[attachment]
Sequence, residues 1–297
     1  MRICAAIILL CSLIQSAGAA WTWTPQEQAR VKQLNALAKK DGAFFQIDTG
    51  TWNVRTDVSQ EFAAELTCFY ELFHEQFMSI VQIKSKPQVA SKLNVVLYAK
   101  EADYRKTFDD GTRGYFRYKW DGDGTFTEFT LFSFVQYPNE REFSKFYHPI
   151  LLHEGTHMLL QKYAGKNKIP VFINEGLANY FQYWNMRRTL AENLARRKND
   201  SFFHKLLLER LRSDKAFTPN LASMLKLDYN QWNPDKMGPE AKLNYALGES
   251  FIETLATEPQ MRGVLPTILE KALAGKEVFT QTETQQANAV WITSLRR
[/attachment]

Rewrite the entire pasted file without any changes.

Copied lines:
Sequence, residues 1–297
     1  MRICAAIILL CSLIQSAGAA WTWTPQEQAR VKQLNALAKK DGAFFQIDTG
    51  TWNVRTDVSQ EFAAELTCFY ELFHEQFMSI VQIKSKPQVA SKLNVVLYAK
   101  EADYRKTFDD GTRGYFRYKW DGDGTFTEFT LFSFVQYPNE REFSKFYHPI
   151  LLHEGTHMLL QKYAGKNKIP VFINEGLANY FQYWNMRRTL AENLARRKND
   201  SFFHKLLLER LRSDKAFTPN LASMLKLDYN QWNPDKMGPE AKLNYALGES
   251  FIETLATEPQ MRGVLPTILE KALAGKEVFT QTETQQANAV WITSLRR